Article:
Thanks to Stephen Pollard's
link, I've just caught up with David Aaronovitch's column demolishing London's bien pensants. Yes, the "Dinner Party" is a neat way to sum up their allegiances.

Elections bring out the tribal element in all of us, of course. As you may have guessed, if I had to put a label on myself, I'd call myself a neo-con, but that doesn't mean I feel comfortable thinking of myself as a capital-letter conservative. As a matter of fact, the last election was the very first time I voted Tory. It's hard to shake off blue-collar loyalties - I joined the Labour Party when I was sixteen, and didn't drift away until a few years ago. One of the things that attracted me to neo-cons in the first place - in their Public Interest guise that is - is that they realised how much damage the radical Left's agenda was inflicting on the weakest in society. Aside from Norman Podhoretz, my favourite neo-con from that era would have been Daniel Patrick Moynihan, a man who probably wouldn't have liked being called by the N-word in the first place.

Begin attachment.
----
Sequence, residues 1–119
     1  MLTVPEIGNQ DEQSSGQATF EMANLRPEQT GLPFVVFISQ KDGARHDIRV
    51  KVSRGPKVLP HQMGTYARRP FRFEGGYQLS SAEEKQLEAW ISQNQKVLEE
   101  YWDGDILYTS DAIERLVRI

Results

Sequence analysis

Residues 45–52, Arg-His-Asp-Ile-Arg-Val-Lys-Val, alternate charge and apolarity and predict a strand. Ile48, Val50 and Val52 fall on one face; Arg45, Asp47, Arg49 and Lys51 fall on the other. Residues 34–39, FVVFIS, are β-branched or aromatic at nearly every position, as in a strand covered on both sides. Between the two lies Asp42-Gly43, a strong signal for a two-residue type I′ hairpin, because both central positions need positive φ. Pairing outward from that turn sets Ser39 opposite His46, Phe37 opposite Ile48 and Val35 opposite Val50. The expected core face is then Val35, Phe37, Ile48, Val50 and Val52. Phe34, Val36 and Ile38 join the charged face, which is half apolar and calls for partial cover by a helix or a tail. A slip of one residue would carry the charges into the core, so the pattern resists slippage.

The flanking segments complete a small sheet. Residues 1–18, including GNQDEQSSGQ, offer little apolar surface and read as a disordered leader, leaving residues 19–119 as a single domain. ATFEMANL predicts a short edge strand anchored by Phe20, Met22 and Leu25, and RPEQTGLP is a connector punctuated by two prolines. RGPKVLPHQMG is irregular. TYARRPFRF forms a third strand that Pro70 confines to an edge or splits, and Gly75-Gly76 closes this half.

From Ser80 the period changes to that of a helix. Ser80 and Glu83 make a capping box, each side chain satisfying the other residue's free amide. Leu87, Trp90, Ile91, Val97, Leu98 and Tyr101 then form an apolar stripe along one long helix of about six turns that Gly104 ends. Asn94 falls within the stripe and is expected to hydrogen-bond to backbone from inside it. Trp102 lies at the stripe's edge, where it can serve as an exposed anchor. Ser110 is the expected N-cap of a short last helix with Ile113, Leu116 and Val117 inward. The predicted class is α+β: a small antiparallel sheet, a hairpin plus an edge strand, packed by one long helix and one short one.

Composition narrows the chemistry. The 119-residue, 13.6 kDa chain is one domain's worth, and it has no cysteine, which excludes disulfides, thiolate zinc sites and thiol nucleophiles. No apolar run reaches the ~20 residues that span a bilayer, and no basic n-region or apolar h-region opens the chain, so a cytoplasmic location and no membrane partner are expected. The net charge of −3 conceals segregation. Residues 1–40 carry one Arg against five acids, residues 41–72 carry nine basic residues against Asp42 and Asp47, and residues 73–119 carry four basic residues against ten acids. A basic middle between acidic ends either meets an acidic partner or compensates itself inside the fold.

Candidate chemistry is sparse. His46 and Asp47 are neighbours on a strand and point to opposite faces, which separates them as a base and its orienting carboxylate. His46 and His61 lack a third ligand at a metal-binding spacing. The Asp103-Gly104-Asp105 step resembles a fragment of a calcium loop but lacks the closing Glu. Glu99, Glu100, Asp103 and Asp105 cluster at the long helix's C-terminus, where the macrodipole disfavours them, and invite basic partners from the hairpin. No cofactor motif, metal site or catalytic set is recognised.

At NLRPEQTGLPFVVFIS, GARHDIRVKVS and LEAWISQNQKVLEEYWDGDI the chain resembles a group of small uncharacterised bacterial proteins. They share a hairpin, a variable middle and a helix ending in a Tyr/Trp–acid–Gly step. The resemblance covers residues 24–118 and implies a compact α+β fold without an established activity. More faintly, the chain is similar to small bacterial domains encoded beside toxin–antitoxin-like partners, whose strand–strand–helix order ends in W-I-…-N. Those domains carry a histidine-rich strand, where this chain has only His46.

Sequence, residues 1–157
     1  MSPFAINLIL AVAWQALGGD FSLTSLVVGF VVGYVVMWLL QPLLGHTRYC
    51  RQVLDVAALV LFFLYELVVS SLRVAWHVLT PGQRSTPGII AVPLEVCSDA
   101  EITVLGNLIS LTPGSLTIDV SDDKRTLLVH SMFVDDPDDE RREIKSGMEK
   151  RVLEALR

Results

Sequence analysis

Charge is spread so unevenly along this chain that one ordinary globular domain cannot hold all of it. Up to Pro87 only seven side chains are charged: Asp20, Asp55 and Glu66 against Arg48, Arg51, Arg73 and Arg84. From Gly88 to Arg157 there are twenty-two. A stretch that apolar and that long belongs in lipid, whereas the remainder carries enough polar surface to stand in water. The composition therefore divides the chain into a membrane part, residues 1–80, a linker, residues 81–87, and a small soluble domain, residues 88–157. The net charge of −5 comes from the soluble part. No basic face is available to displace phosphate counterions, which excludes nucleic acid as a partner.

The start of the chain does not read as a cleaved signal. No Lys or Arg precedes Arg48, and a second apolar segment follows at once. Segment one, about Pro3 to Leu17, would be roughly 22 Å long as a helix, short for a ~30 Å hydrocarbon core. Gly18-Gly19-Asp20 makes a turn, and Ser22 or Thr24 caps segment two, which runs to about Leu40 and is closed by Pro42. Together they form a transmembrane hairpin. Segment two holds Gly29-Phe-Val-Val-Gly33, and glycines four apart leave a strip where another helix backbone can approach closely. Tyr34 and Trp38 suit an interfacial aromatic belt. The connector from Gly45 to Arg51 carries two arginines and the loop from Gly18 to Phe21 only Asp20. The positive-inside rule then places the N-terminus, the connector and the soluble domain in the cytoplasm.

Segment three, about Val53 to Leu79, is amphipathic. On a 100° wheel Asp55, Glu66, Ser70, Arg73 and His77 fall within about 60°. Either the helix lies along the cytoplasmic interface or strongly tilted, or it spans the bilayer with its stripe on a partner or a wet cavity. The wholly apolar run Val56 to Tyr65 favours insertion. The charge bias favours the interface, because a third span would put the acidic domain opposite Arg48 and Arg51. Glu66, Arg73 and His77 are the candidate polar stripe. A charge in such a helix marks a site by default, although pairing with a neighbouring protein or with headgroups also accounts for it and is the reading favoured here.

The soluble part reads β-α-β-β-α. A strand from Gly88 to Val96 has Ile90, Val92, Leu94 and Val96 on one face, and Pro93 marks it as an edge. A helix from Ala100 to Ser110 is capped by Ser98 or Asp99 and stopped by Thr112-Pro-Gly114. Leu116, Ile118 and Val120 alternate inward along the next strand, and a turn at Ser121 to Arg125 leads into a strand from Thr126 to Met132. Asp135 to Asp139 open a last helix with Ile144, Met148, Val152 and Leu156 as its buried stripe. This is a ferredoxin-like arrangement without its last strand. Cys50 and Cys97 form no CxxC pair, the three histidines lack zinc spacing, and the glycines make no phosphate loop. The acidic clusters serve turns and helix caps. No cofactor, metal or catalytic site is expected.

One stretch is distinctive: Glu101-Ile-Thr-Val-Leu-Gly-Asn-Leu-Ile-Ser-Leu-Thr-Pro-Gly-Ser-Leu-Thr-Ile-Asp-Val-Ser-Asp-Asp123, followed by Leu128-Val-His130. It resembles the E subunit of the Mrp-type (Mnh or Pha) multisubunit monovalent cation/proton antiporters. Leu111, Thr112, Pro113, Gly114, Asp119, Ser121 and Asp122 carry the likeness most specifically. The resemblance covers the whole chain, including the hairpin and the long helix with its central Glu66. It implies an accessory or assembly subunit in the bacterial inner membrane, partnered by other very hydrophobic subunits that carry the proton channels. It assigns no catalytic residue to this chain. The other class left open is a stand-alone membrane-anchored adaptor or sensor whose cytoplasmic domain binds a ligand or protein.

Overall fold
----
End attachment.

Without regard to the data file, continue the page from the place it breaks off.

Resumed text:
Who to support this time? I don't think I could bring myself to vote against Tony Blair after all he's put himself through on Iraq. If David Davis were the Tory leader, I might be tempted: he seems to represent a new breed of classless conservatism. But Michael Howard? I'm sorry - I don't think I can do it. I thought he was a good Home Secretary, I don't object to his campaign on immigration (for more on the importance of race in this campaign, see Alice Miles's Times column.) And I can see he's very clever. But maybe that's the problem. Only someone who was very clever would have tried to undercut Blair over Iraq by quibbling over the wording of a parliamentary motion. Sad to say, MH always looks to me like he's running for president of the Cambridge Union. When I saw him leading the "Up, up, up..." chant in the Commons yesterday, I just cringed. While that kind of thing may work well with the Westminster crowd, the Opposition MPs sounded like over-excited fans at a bowls tournament.

On the other hand, I live in a marginal, and I'm desperate not to see the Lib Dems sneak in. And a Labour vote counts for nothing here. Ah, life is so complicated....

|||Clive|||http://clivedavis.blogspot.com/2005/04/ballot-box-thanks-to-stephen-pollards.html|||4/07/2005 03:47:00 pm|||||||||